Monday, February 22, 2010

Road Salt Study Raises Concerns, Offers Suggestions

A new study on roadway de-icing in the Adirondacks describes an antiquated, ineffective, expensive, and environmentally damaging system in need of revision. Commissioned by the non-partisan political action committee AdkAction.org, the science was compiled by Daniel L. Kelting, Executive Director of the Adirondack Watershed Institute (AWI) at Paul Smith’s College, and Corey L. Laxson, Research Associate. The findings are available online [pdf] and are being distributed to the New York State Department of Transportation and local governments responsible for salting Adirondack roadways.
The report argues that “the use of best management practices can reduce the negative impacts of road salt on the environment, while simultaneously improving road safety and saving money.” A number of studies cited in the report have documented road salt’s negative effects on forest and aquatic environments, drinking water, vehicles, safety, and transportation infrastructure.

Ernest E. (Lee) Keet, chair of Adk Action’s Water Quality Committee said “We cannot afford to continue replacing wells contaminated by road salt, having deteriorated bridges and guardrails, living with rusted automobiles and trucks and dead roadside trees, instead of improving our practices.”

The study found that the misuse of road salt is favoring invasive species like zebra mussels and milfoil and having negative effects on human and animal health. The study also reports that chloride levels (a major component of road salt) in Adirondack lakes far from roadways are under 1 part per million (ppm), but at lakes near roadways chloride levels are considerablly higher. Cascade Lake, with its close proximity to Route 86, a heavily treated highway, was highest at 51 ppm; Lake Colby, 46 ppm; Paradox Lake, 14 ppm; Blue Mountain, 13 ppm; Chazy 13 ppm; Lower St Regis, 13 ppm; Chateauguay, 11 ppm; Schroon, 11 ppm; and Middle Saranac, 6 ppm.

Road salt has increased chloride levels in lakes near salted roads in the Adirondack Park, it kills trees and plants, and impacts fish, wildlife and human health, but there are safety concerns as well. Road salt draws deer to roadsides where they become a danger to drivers, and create standing puddles of slush and water that are worse for traction than hard-packed snow. Drivers, especially those unfamiliar with local conditions, may tend to drive at unsafe speeds on what appear to be clear roads, only to discover more deadly slushy areas, snow covered patches, or shaded areas covered with ice.

This latest study, which follows a report by the Adirondack Council that drew many of the same conclusions last year [pdf], also found that New York State is one of the least progressive states in adopting alternatives to road salt. Anti-icing measures (preventing snow and ice from bonding to roadways) can reduce costs by more than 50 percent the study found compared to traditional methods of spreading chemicals after snow and ice have accumulated.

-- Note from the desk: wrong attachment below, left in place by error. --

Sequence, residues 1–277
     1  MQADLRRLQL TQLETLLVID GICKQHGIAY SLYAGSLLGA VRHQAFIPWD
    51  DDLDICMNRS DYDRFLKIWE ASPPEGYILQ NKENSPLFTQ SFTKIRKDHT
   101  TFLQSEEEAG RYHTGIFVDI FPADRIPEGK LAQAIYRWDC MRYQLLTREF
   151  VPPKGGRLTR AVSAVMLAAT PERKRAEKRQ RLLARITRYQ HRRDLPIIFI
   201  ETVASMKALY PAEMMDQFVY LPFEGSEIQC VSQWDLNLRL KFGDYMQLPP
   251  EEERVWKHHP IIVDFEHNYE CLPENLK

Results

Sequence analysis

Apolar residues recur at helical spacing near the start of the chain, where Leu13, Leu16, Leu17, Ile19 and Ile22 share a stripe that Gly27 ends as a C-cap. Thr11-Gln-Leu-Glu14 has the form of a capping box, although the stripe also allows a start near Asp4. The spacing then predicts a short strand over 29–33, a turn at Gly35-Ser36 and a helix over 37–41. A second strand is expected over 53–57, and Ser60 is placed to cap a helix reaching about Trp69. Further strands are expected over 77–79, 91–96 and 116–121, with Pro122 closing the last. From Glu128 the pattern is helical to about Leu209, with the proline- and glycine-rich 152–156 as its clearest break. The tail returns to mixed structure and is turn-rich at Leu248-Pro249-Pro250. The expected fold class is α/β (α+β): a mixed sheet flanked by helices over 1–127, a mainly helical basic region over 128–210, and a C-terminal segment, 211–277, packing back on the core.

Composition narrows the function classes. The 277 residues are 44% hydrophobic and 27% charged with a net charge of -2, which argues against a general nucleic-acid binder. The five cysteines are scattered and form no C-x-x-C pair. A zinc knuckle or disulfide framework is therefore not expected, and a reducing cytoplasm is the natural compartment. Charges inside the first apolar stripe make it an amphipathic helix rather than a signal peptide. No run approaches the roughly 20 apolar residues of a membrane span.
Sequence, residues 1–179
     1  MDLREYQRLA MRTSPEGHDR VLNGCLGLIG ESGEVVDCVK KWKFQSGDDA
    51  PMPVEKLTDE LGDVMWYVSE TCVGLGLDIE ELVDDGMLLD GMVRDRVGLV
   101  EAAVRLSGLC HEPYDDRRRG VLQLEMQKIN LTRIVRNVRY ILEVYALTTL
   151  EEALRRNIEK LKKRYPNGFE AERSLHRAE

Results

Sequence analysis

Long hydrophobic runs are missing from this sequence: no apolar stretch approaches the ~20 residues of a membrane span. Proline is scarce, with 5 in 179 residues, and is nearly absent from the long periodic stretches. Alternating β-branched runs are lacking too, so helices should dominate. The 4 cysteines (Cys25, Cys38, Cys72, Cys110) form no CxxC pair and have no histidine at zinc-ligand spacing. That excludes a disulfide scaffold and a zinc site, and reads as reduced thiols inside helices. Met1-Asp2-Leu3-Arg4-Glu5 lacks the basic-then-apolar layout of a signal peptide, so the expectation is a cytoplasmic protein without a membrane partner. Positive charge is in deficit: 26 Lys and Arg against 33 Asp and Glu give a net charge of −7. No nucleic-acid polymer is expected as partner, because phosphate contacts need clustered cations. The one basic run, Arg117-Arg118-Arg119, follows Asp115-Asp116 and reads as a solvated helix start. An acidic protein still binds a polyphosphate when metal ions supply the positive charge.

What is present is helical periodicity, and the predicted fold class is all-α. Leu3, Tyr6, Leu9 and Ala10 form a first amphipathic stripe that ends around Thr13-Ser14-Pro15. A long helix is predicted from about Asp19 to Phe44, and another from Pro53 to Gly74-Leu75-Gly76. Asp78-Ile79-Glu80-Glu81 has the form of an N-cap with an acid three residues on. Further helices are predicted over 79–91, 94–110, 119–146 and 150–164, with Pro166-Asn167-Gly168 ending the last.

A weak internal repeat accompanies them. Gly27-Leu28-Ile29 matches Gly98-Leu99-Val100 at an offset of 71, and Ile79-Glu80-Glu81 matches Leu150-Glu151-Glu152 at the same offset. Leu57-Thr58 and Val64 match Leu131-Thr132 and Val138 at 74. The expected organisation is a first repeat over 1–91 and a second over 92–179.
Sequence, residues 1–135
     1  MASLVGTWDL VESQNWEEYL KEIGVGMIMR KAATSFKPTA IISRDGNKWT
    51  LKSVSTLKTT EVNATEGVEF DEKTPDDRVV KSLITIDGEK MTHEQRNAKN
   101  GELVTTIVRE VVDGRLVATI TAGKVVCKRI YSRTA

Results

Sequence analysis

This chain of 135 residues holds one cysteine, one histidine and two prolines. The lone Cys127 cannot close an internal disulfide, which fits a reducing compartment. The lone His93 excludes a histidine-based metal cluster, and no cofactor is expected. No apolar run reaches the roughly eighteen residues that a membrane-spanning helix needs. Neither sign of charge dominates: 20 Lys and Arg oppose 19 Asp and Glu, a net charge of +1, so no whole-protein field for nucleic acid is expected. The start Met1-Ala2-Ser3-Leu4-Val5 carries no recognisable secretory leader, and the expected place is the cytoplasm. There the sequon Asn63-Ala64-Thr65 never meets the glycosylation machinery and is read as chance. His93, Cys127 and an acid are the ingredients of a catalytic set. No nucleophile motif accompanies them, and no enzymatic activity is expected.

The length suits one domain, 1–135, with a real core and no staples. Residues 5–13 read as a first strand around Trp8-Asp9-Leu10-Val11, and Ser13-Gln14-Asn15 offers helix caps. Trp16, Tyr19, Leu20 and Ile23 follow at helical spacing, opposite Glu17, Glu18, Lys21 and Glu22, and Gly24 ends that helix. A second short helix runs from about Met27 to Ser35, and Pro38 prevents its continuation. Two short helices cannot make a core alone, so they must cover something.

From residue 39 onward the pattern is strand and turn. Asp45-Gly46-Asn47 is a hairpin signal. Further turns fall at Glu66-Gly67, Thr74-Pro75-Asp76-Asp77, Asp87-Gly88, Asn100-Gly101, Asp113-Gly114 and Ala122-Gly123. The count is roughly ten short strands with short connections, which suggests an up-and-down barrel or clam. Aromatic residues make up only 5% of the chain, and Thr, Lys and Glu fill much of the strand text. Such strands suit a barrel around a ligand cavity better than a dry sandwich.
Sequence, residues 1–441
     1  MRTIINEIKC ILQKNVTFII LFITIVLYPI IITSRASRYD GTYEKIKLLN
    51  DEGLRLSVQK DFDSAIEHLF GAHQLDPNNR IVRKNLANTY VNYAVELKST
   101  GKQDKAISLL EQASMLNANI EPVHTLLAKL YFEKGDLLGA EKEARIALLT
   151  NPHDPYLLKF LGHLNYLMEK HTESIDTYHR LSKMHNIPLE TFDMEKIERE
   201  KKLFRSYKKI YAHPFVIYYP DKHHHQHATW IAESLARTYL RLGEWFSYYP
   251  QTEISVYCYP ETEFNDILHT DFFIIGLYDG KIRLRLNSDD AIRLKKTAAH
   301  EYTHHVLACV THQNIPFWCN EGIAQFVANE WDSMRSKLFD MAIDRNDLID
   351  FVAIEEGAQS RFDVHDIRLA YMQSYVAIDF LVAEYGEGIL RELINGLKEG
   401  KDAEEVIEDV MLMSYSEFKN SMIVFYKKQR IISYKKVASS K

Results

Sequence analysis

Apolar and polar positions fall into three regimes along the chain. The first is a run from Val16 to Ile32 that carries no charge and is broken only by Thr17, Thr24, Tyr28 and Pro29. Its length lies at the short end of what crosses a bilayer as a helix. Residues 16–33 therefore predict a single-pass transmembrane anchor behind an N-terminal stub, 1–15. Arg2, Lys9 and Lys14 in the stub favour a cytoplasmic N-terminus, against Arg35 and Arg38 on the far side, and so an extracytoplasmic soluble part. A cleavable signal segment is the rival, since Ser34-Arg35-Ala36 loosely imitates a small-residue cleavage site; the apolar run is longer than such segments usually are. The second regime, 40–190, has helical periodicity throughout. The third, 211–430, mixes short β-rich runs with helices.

Fifty percent of vehicle corrosion can be attributed to the regular use of road de-icing salts, according to the study’s authors, annually costing the vehicle owners approximately $11.7 billion nationwide. The annual cost of corrosion damage on automobile parts, highway components, steel reinforcement bars, and concrete has been estimated to be as high as $26 billion nationwide the report found.

These are some of the best management practices proposed in the AWI salt study:

* Develop a map of sensitive areas and use it to tailor application rates, methods and de-icer types to minimize environmental impacts.

* Invest in a networked Road Weather Information System (RWIS) similar to systems in use around the country. These systems can pay for themselves in one winter with the savings from lower application costs.

* Proactively use anti-icing techniques to prevent snow and ice from bonding to road surfaces to achieve better road conditions, use up to 50% fewer chemicals and control costs and damage.

* Employ smart application techniques. Conventional rotary spreaders throw over 30% of de-icer outside the planned treatment area. Use a “windrowing” technique to concentrate a 4 to 8-foot wide strip down the centerline of lesser-traveled roads. Use “zero-velocity” spreaders to place de-icer on the road surface with little bouncing and waste.

* Pre-wet the de-icer to create brine delivered in a spray, resulting in faster melting and de-icer savings.

* Use alternative de-icers in areas designated as too sensitive for road salt but also with high-risk safety concerns (such as the Cascade Lakes area on Route 86, an area where all Adirondackers can readily observe the deleterious effects of road salt.)

* Improve documentation and training to insure that road salt, when used, is applied at correct temperatures and alternative techniques are applied at low temperatures and around environmentally sensitive areas.

* Other recommendations include giving the de-icer time to work before re-plowing, maintaining and calibrating equipment properly, educating the public on the new policies and establishing test areas to monitor and evaluate implementation.

 

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17 Responses

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